It may happen that the transceiver’s bit rate is very low (LoRa), and a lot of data needs to be transmitted. In this case, compression or data compression (for example, the LC3 codec) and decompression on the receiver side can save. The turnip must have a data compression codec software component.
Button debounce driver
Often in electronic boards there are clock buttons and reed switches. They create a rattle when closed. Therefore, the repository must have a button driver that suppresses contact bounce, can distinguish between a short press and a long, double one. All this will come in handy when debugging.
Software Schmitt Trigger
This link is for the implementation of hysteresis. Very useful for suppressing analog noise from sensors when relaying something.
This is a function that ensures that a particular function is not called more often than set in the parameters. Very useful when implementing RTOS primitives. It is possible to skip all calls through the limiter directly in the superloop and thus set the response period for each function.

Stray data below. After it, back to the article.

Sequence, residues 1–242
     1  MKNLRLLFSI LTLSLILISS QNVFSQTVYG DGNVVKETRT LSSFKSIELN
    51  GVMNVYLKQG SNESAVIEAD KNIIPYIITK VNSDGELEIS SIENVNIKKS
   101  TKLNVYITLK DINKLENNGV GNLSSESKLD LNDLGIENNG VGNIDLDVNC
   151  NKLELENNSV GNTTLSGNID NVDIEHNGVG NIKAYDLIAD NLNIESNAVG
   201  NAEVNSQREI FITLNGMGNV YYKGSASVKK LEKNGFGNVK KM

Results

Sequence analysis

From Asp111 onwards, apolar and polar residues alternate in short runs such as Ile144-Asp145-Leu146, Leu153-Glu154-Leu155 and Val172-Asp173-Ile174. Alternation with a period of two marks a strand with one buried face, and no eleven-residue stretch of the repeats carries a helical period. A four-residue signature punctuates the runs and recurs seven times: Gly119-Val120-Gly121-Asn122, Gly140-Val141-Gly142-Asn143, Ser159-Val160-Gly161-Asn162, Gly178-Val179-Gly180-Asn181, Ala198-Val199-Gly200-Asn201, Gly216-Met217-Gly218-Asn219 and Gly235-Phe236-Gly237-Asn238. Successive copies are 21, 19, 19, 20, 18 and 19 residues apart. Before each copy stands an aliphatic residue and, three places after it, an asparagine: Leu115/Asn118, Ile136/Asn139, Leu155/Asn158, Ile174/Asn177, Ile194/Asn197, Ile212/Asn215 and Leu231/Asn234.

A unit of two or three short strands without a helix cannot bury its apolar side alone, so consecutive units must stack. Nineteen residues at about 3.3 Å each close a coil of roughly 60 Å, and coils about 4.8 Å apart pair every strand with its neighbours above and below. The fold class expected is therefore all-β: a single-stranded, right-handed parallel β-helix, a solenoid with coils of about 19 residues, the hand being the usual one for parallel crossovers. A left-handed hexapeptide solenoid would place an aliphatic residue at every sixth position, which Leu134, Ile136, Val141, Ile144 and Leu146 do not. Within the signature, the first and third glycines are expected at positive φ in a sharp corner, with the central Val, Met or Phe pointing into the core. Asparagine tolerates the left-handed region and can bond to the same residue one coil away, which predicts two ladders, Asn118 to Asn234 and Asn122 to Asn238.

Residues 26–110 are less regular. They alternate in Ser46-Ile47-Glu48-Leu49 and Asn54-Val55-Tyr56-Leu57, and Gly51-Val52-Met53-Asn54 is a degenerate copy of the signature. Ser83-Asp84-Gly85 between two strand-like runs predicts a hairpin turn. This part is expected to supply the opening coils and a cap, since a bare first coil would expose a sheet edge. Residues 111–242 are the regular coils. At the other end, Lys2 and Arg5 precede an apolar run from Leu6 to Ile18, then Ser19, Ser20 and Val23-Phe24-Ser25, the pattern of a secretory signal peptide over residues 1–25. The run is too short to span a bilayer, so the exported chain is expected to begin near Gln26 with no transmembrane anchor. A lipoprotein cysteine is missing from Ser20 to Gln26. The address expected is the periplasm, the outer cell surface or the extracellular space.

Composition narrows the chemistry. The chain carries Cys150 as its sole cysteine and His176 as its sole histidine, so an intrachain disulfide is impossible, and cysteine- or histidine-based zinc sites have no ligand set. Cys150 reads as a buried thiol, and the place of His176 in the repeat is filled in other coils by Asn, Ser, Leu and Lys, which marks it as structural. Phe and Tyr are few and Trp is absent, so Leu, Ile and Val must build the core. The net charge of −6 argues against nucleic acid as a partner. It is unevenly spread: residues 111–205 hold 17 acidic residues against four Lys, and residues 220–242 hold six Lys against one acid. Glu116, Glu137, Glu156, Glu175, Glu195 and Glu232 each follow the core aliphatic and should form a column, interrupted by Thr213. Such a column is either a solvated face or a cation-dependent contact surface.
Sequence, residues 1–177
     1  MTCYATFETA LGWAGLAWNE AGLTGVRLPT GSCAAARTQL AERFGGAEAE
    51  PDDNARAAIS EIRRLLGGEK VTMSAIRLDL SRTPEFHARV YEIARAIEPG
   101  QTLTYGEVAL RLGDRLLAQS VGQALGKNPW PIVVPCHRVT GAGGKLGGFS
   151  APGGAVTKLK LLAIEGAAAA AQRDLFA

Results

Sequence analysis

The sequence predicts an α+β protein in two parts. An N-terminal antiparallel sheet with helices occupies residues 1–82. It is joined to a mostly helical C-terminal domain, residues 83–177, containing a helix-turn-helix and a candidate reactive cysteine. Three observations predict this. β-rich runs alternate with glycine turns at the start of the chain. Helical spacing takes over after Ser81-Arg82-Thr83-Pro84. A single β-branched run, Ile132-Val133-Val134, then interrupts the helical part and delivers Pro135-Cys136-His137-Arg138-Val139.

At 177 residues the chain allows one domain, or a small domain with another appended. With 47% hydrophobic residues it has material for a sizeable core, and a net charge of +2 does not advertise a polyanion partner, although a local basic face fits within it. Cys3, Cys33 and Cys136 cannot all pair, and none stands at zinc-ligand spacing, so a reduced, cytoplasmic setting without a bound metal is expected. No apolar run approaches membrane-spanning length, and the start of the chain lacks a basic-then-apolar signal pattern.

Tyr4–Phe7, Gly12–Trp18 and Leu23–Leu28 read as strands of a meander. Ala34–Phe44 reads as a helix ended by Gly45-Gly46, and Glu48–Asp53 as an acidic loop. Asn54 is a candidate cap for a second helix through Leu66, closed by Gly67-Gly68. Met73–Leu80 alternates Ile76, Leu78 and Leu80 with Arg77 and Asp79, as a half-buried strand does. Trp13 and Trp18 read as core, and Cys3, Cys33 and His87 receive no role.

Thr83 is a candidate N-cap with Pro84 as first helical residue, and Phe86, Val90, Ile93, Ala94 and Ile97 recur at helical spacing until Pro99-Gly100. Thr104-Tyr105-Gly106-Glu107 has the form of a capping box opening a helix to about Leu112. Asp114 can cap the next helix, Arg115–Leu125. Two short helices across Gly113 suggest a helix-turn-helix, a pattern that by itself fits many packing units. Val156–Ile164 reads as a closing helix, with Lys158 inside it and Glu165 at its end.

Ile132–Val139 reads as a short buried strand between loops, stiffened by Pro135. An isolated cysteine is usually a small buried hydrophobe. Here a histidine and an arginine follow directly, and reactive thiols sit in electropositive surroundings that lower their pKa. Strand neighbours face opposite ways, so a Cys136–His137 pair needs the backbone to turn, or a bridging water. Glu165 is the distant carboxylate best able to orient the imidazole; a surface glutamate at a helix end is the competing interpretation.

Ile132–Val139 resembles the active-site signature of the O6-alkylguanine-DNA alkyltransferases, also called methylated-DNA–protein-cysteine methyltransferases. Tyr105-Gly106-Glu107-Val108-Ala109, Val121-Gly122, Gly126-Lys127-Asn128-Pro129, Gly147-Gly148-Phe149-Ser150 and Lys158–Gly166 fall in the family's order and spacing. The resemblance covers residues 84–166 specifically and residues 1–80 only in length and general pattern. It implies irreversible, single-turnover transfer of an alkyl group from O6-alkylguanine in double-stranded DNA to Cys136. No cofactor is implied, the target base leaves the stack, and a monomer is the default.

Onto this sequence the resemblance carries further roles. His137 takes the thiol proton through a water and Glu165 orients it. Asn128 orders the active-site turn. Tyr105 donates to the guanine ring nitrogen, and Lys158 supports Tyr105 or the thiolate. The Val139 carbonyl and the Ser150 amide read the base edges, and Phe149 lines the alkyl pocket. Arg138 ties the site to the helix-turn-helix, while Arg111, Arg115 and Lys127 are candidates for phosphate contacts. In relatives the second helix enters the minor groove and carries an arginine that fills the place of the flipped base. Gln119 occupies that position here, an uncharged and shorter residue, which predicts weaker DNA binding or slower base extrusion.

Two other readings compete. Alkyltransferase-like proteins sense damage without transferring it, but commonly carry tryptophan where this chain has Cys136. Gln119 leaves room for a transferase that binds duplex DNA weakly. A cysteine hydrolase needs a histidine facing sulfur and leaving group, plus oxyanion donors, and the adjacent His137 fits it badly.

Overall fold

Implementation of the memory allocation and deallocation mechanism
It is very likely that you will have to dig your own reliable deterministic and portable version of the malloc and free functions, with the possibility of advanced diagnostics and garbage collection.
Component with math
A bit of linear algebra and numerical methods. For example, in automatic control systems on the MCU, a function is very necessary to calculate the angle between vectors (taking into account the sign, of course). And this immediately pulls up the implementation of scalar and vector multiplication. When working with DAC/DAC(s), it is useful to calculate the sine sample, PWM sample, Chirp(a), Saw(a), Fence(a). You may also need integer exponentiation and square root calculation. Sometimes you need to convert a 7-bit signed number or a 13-bit signed number to a standard int32_t. This also requires its own mathematical algorithms.